8) Reader I Married Him by Susan Hill

Security was all I ever longed and struggled and schemed for, because since very early and forgotten childhood, I had never had it, and my deepest, my driving fear through it all was that I never would. Security. Did I achieve it?

GAHHHHHHHHHHHH!!!!!! This was perfect! The way the story slowly reveals itself to you, how it tugs on your heartstrings, the dawning of realisation, just EVERYTHING!!!

It’s the memories of a woman who all her life dreamed of security. “Reader I“… She married for security mistaking it for love and the consequences of what followed when she met ‘the one’. Oh I don’t want to say anymore so as not to spoil this wonderful little story for anyone who may eventually read it. I just loved it. And Jane Eyre’s independent will was ever present in my opinion.

The last lines were utterly perfect. I completely broke down into a teary-eyed mess!!!

9) The Mirror by Francine Prose

This story is told from the point of view of Jane Eyre herself, reader I married him and here is what actually happened…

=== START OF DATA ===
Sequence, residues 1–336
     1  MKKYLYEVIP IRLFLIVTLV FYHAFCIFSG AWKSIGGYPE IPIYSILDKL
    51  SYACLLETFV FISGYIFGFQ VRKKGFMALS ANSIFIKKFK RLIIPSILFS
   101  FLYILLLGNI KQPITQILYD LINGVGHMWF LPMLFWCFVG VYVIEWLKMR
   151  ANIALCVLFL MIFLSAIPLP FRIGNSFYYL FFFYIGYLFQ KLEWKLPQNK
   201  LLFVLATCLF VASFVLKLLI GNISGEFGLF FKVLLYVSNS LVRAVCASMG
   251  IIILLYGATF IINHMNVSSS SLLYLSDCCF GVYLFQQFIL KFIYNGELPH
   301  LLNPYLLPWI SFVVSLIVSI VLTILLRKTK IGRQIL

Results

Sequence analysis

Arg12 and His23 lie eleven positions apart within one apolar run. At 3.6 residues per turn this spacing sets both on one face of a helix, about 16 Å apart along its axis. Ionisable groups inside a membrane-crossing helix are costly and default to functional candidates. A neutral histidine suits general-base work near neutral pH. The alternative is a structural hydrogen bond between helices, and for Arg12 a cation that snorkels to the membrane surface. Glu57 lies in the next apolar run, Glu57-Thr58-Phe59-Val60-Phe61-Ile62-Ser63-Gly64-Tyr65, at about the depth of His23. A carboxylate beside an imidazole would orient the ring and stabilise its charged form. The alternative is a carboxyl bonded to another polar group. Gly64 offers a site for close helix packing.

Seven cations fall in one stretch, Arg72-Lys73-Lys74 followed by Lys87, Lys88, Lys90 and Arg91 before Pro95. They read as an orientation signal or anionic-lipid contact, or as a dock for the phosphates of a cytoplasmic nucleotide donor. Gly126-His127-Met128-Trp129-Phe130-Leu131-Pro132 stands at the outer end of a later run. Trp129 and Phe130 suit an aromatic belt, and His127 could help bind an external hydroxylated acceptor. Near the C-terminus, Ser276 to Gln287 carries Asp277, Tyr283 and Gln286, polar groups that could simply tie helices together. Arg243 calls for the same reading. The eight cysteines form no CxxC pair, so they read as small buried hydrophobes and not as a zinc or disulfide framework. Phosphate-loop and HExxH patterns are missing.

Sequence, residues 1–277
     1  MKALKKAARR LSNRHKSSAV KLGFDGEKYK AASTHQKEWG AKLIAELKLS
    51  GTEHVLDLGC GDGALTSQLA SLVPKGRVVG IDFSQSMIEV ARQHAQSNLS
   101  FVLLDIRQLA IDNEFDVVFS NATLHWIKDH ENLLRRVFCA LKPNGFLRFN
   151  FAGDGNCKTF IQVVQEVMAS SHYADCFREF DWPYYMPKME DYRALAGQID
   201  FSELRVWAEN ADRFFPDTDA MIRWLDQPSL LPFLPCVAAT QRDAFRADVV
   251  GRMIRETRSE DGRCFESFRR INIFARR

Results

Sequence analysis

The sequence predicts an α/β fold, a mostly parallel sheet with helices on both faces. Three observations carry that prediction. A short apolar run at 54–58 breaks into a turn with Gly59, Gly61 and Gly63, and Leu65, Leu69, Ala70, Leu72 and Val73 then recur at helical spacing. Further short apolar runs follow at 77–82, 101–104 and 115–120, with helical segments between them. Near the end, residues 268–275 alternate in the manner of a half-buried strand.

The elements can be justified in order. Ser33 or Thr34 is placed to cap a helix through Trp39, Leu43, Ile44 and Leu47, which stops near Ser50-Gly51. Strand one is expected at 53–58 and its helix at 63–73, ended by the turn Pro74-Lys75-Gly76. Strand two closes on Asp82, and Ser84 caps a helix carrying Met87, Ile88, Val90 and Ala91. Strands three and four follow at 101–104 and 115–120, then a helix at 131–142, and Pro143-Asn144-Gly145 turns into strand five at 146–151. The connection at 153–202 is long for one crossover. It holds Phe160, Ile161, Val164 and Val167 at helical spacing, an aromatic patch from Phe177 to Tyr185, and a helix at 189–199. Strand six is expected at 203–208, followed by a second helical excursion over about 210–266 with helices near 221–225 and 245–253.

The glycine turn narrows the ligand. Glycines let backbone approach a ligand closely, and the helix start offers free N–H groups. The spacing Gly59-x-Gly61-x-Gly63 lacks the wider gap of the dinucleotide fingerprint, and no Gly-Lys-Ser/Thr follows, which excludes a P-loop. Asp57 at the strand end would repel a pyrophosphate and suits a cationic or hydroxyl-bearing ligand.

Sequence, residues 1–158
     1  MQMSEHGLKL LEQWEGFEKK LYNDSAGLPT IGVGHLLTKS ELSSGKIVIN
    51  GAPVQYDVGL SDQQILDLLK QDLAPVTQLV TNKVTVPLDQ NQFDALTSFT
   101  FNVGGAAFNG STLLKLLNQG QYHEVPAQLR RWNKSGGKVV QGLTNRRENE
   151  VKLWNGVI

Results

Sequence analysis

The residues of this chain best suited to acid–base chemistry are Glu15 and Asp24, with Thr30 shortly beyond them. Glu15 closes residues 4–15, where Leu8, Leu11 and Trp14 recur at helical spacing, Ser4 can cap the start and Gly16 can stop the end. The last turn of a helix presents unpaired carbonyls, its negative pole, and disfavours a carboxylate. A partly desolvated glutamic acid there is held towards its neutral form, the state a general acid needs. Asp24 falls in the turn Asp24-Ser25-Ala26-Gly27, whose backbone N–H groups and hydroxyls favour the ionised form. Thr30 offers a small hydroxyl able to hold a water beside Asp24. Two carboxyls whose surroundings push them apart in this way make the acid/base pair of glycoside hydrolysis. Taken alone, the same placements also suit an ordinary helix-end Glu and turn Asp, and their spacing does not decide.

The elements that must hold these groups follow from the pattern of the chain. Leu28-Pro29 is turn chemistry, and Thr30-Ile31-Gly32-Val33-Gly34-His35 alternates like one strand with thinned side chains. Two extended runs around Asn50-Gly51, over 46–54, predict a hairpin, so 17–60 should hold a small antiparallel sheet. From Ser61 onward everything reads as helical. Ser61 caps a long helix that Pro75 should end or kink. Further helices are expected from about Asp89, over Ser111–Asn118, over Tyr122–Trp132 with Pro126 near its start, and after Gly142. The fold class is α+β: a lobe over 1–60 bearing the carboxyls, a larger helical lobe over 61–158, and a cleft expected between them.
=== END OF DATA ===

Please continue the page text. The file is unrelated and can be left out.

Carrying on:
I didn’t particularly care for it. The storyline tried to be too smart and in the end lost the heart of who Jane truly was.

This one wasn’t for me.

10) A Migrating Bird by Elif Shafak

His words, so unexpected and so sincere, shake me to the core.

This short doesn’t mention the words ‘reader I married him’ throughout its text and so comes at the idea of marriage in a very different light.

It explores the heart of a young girl who allows herself to hope for a future filled with love, with her dream for marriage and happiness. It’s very bittersweet and very beautifully written.

11) Behind the Mountain by Evie Wyld

This story again doesn’t mention the words ‘reader I married him’ but instead uses that line to show what happens to a good woman and, in her words, a good man when life gets stale.

It follows the story of an English woman who moves to Canada because of her husband’s job and how she is slowly losing herself.

It’s quite a sad story and one that made me feel very sympathetic towards both the MC and her husband. Sometimes life just doesn’t quite turn out the way we had hoped.